In 1971, Gordon Lightfoot released an album titled Summer Side of Life. One of the tracks on the album, Cabaret, became one of my favorite songs. It was not a ‘typical’ Lightfoot song as it had an ethereal feel with horns and strings and written in a very melodic style. Midway through the song, though, you hear a deep sigh, a door slam and the tempo and feel of the song changes to a different level. I like the first part but I LOVE the second part. Lightfoot fans refer to the second half of the song as North Ontario.
Some time ago I mentioned how much I loved the song. My friend Fred Grittner casually mentioned that he had been singing North Ontario for years. I’ve never been shy about asking for music from my friends so I immediately jumped on him to record it. Which he did.
I love his version. Today they’re releasing music on LP’s. This one should be released on eight track. This is a truck driver song. The feel of the road, the syncopation and the steel guitar all bring the road to North Ontario to my mind.
Dana Keller and I go back quite a few years. We met through photography and have remained friends through music. Dana and Laurie Jennings Oudin are musicians and road warriors. They winter in Florida and travel the western US in the summer. They travel in a motor home and do gigs in RV parks, public libraries, coffee houses and private homes. Besides being stellar musicians they are also talented writers who draw on their life experiences for their songs. Laurie has written several songs about her experiences in teaching music at a women’s prison. Many of Dana’s songs have photographic references.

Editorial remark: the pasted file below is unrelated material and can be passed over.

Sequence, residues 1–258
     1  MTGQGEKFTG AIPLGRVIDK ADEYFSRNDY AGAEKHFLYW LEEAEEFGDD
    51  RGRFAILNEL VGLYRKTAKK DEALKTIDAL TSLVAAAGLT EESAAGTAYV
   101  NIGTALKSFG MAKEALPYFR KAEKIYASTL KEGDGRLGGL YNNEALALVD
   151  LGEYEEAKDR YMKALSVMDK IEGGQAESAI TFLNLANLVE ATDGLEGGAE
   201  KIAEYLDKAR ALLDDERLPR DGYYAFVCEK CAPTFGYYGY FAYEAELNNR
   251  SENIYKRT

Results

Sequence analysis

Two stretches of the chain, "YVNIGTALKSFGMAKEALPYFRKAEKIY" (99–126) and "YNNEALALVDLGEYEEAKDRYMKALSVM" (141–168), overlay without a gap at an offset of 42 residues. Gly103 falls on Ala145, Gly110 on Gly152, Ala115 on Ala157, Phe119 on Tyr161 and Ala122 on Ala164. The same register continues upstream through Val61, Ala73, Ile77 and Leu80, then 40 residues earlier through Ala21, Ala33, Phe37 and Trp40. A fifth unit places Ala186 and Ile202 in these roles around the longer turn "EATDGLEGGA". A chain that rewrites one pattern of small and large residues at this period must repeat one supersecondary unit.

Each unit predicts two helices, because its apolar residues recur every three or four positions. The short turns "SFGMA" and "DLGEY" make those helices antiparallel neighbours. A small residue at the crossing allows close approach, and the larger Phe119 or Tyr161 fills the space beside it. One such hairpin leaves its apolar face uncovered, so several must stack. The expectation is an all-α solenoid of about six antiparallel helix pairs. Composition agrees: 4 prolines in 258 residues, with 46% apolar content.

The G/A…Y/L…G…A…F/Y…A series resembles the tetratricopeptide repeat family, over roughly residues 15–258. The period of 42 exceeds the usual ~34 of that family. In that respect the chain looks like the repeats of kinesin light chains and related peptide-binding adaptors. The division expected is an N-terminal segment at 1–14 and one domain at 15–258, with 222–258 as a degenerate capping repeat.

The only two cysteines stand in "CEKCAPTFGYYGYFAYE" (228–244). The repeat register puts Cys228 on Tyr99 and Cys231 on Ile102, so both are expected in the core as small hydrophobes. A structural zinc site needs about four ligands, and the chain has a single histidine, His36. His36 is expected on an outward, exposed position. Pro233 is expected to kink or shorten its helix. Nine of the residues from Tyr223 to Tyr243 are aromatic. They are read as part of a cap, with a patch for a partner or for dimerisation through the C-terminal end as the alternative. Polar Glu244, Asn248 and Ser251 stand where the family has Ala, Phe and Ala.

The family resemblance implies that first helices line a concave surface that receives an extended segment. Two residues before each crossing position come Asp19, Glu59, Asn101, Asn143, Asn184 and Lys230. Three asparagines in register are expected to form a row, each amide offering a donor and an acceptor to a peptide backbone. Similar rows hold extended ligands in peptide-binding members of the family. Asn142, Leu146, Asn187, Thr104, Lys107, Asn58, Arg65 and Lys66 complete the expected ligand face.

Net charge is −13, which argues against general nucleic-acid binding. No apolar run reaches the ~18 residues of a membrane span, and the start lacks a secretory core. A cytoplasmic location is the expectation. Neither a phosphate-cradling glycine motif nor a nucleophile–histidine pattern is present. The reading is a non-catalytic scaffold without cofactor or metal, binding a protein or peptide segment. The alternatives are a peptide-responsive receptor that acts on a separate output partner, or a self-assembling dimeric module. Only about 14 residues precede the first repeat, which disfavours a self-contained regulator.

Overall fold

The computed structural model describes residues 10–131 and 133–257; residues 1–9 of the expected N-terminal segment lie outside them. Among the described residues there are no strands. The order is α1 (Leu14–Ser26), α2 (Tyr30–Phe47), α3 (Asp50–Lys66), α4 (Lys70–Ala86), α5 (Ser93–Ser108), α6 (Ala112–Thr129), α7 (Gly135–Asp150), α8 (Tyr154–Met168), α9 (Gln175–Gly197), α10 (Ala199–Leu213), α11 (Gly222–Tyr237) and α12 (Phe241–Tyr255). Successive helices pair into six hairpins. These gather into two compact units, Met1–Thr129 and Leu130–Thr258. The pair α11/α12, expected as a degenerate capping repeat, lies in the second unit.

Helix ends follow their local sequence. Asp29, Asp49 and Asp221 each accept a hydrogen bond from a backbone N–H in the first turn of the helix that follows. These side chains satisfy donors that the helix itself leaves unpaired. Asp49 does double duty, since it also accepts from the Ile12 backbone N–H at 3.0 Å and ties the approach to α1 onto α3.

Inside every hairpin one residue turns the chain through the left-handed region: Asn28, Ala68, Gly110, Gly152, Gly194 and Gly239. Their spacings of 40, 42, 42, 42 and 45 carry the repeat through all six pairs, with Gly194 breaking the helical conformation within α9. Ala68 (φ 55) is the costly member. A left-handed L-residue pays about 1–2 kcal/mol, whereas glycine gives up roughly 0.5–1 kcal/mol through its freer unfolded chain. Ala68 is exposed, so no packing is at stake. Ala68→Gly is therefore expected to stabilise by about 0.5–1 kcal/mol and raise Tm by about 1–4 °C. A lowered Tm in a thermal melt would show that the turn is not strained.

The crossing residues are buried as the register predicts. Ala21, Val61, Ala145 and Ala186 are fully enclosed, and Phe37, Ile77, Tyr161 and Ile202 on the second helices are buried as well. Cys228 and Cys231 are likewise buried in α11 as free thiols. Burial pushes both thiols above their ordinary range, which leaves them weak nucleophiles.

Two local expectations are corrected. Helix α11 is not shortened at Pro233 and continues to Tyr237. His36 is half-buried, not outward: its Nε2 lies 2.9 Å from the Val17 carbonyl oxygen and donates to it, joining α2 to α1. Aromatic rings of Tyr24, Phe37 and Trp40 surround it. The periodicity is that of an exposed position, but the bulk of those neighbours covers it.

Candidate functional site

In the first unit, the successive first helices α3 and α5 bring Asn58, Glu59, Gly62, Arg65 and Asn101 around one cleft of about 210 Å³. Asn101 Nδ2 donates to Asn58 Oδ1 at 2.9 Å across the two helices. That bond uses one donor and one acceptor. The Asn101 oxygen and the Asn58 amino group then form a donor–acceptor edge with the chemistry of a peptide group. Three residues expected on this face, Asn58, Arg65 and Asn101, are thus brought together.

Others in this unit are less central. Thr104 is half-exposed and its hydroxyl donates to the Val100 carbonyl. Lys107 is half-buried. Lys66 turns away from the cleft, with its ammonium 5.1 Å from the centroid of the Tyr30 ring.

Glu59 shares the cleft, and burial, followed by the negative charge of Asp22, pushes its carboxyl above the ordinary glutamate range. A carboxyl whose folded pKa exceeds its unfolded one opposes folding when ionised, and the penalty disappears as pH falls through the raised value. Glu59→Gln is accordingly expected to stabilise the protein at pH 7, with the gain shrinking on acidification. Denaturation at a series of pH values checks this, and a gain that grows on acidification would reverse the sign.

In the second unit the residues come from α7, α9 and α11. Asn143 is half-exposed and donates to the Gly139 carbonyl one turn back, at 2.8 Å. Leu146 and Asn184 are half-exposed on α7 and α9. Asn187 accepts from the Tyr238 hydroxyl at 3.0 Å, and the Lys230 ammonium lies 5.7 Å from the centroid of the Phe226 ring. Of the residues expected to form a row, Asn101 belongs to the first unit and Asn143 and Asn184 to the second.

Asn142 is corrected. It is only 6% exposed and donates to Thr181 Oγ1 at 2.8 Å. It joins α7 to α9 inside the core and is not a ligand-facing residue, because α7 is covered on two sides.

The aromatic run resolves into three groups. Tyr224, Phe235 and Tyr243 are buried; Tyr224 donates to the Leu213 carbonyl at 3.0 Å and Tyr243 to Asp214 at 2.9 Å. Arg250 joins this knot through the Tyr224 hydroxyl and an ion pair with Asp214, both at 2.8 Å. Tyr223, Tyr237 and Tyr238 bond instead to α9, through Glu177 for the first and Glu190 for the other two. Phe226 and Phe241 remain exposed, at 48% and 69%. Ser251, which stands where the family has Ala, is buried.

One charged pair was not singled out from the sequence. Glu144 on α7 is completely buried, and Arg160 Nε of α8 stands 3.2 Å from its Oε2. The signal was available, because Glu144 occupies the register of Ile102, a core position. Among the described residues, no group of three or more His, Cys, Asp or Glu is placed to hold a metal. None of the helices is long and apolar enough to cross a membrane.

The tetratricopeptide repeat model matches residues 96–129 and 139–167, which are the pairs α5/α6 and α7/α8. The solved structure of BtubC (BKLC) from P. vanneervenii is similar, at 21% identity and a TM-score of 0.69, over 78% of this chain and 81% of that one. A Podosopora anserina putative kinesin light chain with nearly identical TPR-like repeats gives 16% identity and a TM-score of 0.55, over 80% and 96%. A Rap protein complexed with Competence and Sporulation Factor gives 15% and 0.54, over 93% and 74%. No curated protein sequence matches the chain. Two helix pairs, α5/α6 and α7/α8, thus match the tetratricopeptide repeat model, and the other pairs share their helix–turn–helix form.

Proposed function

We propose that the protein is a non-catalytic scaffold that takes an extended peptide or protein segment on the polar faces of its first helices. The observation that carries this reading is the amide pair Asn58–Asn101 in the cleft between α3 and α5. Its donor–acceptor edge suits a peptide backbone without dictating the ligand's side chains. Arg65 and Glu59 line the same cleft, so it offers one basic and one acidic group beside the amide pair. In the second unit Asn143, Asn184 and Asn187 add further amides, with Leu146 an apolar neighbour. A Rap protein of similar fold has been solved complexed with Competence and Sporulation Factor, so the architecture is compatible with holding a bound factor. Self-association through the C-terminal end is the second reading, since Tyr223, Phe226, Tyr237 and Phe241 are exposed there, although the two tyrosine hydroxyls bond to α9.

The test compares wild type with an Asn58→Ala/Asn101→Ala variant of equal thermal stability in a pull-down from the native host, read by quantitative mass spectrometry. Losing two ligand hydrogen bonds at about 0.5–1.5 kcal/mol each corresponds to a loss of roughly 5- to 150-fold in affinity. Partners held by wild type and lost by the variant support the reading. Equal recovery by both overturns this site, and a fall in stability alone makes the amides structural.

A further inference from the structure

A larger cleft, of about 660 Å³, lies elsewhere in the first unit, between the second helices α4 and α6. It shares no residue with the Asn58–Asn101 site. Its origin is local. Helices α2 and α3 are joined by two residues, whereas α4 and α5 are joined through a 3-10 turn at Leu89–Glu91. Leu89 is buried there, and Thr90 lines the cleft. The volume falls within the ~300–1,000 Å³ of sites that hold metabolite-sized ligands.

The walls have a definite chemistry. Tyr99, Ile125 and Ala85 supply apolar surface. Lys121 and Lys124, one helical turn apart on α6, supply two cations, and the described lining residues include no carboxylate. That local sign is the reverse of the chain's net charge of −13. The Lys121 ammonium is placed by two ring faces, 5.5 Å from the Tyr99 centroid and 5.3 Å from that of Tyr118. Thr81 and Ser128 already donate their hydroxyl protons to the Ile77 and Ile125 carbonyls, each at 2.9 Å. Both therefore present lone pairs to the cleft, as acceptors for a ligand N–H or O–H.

Earlier today I was talking with an old friend about photographs that showed what we were like over 40 years ago. Her comment was that they were a powerful record of who and what we had been.
In the late 1800’s the photographer Jacob Riis referred to daguerreotypes as a “Mirror With a Memory. Dana took the phrase and made a great song from it. Which you can hear now:
Here’s the link to Dana and Laurie’s website. If they are anywhere near you I highly recommend that you hear them play. They are two of the best of us.
[/audio]Back in the late 90’s John Stewart’s internet group, the Bloodliners, released a tribute cd of John’s songs that were performed by the Bloodliners. As I recall, it was Michelle Stevens idea. Mark Cashman, who is no longer with us, produced the cd. There are eighteen tracks and I think they need to be heard again.
So, here they are. Some of the names will be familiar; Jeff McDonald, Bill Heilmann, John August Lee, Mike Butters, Spencer Lewis. Others are gone from us; Steven Donaghey and Mark Cashman. And John.
Spencer Lewis has been a friend for many years. Many of John Stewart’s east coast fans know Spencer but he hasn’t been to the West Coast for quite some time. Spencer lives in Vermont and if Vermont had a Musical Poet Laureate it would be Spencer. His recorded works are complex song poems featuring him on guitar and fiddle and friends on keyboards and bass.